HFPA Responds to Membership Diversity Backlash With Brief Onstage Statement

"The HFPA is made up of around 90 international—no Black—journalists who attend movie junkets each year in search of a better life," said co-host Tina Fey as part of an opening monologue explaining the awards show's plethora of confusing rules and categories. "So, let's see what these European weirdos nominated this year."

During the virtual 2021 Golden Globes ceremony, the Hollywood Foreign Press Association made the most cursory of acknowledgements to the mounting backlash over its lack of diversity.

Three HFPA members stood socially distanced onstage to address the revelation in a Los Angeles Times investigative report last week that there are no Black journalists among its 87-person membership."

We recognize we have our own work to do," said Helen Hoehne of Germany. "Just like in film and television, Black representation is vital. We must have Black journalists in our organization."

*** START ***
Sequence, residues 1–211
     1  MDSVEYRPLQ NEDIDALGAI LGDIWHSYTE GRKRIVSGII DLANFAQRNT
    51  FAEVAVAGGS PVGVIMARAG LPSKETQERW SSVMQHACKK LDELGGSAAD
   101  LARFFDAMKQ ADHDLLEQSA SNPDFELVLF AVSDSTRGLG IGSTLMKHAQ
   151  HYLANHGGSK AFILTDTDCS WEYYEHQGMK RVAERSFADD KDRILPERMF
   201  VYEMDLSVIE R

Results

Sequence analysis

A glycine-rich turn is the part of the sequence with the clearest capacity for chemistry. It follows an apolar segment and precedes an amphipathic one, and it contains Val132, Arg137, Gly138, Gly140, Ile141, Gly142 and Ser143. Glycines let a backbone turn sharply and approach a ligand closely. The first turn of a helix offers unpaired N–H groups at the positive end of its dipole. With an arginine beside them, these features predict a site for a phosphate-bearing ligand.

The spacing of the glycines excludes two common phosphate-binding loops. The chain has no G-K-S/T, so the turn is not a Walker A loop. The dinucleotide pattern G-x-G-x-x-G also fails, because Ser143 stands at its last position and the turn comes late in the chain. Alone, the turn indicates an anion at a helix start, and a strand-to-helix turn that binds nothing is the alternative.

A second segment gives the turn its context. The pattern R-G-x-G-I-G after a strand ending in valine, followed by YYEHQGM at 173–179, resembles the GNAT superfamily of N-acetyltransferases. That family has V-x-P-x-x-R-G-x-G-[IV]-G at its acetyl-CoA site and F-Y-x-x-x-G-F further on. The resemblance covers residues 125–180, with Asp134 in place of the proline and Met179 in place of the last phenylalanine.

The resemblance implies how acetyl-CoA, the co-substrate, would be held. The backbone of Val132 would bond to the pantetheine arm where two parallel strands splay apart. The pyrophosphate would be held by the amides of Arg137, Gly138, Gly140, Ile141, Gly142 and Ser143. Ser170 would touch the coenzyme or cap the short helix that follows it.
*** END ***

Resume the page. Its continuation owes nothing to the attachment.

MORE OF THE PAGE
Former HFPA president Meher Tatna of India agreed. "We must ensure everyone gets a seat at our table."

"That means creating an environment where diversity is the norm, not an exception," Turkish member Ali Sar concurred, without offering any more details about how or when the HFPA would do so. "Thank you."

During their opening monologue (or dialogue), co-hosts Tina Fey and Amy Poehler made fun of the controversy.

"The HFPA is made up of around 90 international—no Black—journalists who attend movie junkets each year in search of a better life," Fey said as part of an overall explanation of the awards show's plethora of confusing rules and categories. "So, let's see what these European weirdos nominated this year."